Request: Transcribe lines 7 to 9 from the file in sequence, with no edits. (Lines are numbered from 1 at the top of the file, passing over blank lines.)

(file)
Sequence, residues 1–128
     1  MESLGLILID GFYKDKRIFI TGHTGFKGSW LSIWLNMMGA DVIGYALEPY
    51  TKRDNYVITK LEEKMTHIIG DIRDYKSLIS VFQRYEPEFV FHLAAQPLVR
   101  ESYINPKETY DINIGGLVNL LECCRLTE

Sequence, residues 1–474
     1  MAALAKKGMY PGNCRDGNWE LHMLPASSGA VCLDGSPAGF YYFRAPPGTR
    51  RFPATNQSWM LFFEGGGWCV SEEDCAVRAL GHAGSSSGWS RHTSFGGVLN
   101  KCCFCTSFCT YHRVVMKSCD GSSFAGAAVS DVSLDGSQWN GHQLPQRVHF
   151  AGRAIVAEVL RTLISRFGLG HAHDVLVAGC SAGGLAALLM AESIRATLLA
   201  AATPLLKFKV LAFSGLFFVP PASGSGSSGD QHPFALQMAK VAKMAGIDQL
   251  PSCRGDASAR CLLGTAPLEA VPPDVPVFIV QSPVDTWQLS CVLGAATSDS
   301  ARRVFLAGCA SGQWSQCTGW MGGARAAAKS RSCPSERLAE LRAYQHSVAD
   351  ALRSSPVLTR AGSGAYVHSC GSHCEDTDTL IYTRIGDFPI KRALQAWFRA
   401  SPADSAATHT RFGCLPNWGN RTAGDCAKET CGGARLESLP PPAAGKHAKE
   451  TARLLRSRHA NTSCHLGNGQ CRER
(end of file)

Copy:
    51  RFPATNQSWM LFFEGGGWCV SEEDCAVRAL GHAGSSSGWS RHTSFGGVLN
   101  KCCFCTSFCT YHRVVMKSCD GSSFAGAAVS DVSLDGSQWN GHQLPQRVHF
   151  AGRAIVAEVL RTLISRFGLG HAHDVLVAGC SAGGLAALLM AESIRATLLA